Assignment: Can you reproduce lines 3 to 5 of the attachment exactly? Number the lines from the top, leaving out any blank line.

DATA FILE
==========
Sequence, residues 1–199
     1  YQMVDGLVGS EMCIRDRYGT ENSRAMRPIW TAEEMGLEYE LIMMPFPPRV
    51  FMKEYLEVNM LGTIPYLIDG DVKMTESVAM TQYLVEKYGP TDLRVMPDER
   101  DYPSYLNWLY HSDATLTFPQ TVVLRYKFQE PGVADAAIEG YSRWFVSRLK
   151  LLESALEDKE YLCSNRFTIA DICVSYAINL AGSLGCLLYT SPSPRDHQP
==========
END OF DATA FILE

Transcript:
    51  FMKEYLEVNM LGTIPYLIDG DVKMTESVAM TQYLVEKYGP TDLRVMPDER
   101  DYPSYLNWLY HSDATLTFPQ TVVLRYKFQE PGVADAAIEG YSRWFVSRLK
   151  LLESALEDKE YLCSNRFTIA DICVSYAINL AGSLGCLLYT SPSPRDHQP